When her children asked what she did in the war, Dorothy Wakely told them that she drove ambulances and chauffeured officers. But when her son Simon was about 11 or 12, rummaging around a storage unit, he came across her revolver and bullets. She told him: “Oh, that was mine during the war.” It was only then, he told the BBC’s Last Word, that he realised there was probably more to it. To Wakely, who has died at the age of 104, the Official Secrets Act was “sacrosanct”. But, her son said, she had “an adventurous life right from the start”.
Wakely was born in 1915 in Leigh-on-Sea, Essex. Soon after, her parents took her to live in India, where her father, the orientalist Bernard Temple, was working as a journalist. One of her earliest memories was of the dangerous overland journey from India to Persia, where her father was to become British vice-consul. “The tribesman, if they knew I was travelling, they bought and sold little girls in those days, so my father had to safety-pin me to him at night.”
Returning to the English countryside from a world of exoticism and servants was a shock to the young child, and it was not to be her last. As a teenager, she was sent to boarding school in Belgium, where she learnt fluent French. The school, she was told after the war, would later become the headquarters of Nazi leader Hermann Goering.
After finishing her education, Wakely followed her father into the world of journalism. When the war broke out, she was working as a personal assistant to the editor of the Sydney Daily Telegraph. In 1942, Wakely volunteered with the First Aid Nursing Yeomanry (Fany), driving tanks and ambulances.
Thanks to her pre-war experience, she was soon transferred from the Fanys to the Special Operations Executive (SOE) to work as a driver and secretary for a colonel in the Intelligence Corps. But she quickly joined the SOE’s French division, to learn signals, ciphers and codes. She was trained to tap out and understand Morse code. According to the historian Clare Mulley, who interviewed Wakely, when she was chatting with other women she would find herself tapping out the conversation in code on the table. “She could hardly hear a bird sing without trying to translate its meaning in Morse,” Mulley told the BBC.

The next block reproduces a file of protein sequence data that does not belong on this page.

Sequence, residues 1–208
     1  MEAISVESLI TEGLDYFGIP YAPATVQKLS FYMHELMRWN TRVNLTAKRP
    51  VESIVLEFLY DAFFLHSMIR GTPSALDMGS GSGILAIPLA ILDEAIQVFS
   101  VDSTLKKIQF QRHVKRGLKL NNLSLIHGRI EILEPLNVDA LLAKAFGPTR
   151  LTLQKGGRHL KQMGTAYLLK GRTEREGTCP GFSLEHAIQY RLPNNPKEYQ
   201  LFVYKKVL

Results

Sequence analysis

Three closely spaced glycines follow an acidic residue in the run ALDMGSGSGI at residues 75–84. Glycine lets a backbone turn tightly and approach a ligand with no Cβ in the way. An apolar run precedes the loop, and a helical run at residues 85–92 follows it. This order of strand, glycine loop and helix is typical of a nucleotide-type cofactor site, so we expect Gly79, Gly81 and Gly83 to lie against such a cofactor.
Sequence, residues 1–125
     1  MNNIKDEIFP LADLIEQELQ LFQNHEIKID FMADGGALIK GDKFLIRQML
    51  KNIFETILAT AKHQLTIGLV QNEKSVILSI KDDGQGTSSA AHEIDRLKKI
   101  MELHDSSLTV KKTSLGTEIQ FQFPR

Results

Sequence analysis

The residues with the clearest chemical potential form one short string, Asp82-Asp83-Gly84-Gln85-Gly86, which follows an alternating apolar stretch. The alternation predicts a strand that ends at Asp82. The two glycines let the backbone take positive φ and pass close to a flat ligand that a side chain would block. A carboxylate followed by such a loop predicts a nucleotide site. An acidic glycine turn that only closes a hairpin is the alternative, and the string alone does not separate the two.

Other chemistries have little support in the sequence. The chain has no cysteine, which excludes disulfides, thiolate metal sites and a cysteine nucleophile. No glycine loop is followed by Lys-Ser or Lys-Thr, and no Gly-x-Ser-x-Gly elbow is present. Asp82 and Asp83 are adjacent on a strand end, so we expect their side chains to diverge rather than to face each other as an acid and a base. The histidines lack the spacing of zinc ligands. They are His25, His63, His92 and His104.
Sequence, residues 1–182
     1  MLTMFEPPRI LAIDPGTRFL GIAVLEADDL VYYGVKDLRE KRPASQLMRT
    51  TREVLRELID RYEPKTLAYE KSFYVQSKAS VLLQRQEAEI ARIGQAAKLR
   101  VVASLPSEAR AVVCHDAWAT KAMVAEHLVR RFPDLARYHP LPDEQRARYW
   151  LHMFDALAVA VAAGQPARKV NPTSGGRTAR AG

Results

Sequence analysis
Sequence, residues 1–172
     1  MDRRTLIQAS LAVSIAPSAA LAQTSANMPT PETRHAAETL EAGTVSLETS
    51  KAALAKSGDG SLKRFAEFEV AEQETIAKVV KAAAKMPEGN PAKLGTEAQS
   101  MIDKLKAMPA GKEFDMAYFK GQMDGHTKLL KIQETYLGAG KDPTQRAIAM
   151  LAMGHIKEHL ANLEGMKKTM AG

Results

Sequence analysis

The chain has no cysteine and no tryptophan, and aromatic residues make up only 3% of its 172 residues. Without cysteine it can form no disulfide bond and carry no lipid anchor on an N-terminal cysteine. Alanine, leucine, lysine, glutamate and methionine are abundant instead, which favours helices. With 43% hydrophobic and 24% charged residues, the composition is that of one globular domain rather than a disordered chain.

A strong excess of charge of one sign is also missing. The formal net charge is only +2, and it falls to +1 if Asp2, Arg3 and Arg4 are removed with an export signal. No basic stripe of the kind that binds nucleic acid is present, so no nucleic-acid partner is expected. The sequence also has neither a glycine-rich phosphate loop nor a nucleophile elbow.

Wakely was posted to Thame Park, where wireless operators bound for occupied territory were trained. Before long, she was serving as a signals planner and training secret agents herself, sending them behind enemy lines to carry out acts of sabotage. Sometimes her agents would communicate under duress because they’d been caught by the Gestapo; other times, they’d stop communicating all together. Her son remembers her saying that so many agents were lost, that after a while she developed a sixth sense for who would make it through the war and who wouldn’t.
After a spell at Poundon House, near Bicester, learning radio frequencies and code plans, she joined the Inter-Services Signals Unit 6, becoming a Fany lieutenant. Just a few weeks later she found herself on a ship to Algeria, where the view of a white sandy beach was marred only by an aerial field.
There in north Africa, the team kept a 24-hour watch on the Nazi movements, relaying information to SOE HQ in Baker Street “so they could decide which railways and bridges to blow up”.
Later in the war, she was billeted in Bari, southern Italy, working with guerrilla fighters. One afternoon, outside her flat, she came across an officer and former security agent whom she had known at Thame Park. He told her that he had just defused a bomb in her flat. It turned out that Wakely was on a Gestapo hit list. Wakely was later awarded the Italy Star.
After the war ended in 1945, she returned to her work as an ambulance driver, going back to Belgium with a convoy. She later handed out food parcels to malnourished Britons liberated from internment camps all over France, and eventually worked for the embassy in Paris for the military attache.
It was in Paris that she met her future husband, Jimmy Wakely, who later became a group captain in the RAF and aide to the Queen.
But it was Wakely’s role in the SOE that was of greatest significance to the war: without that communication between London and occupied territory, Britain could not have coordinated the delivery of arms, organised targets or coordinated a response to the Nazi advance.
In her last letter to Clare Mulley, Wakely wrote that those years were the most important of her life. Her guiding principle, said Simon, was to be worthy of the sacrifice that others had made.
She is survived by her sons Paul, a teacher and church leader, and Simon, a former charity worker.
Dorothy Wakely, SOE intelligence officer, born 4 July 1915, died 6 May 2020
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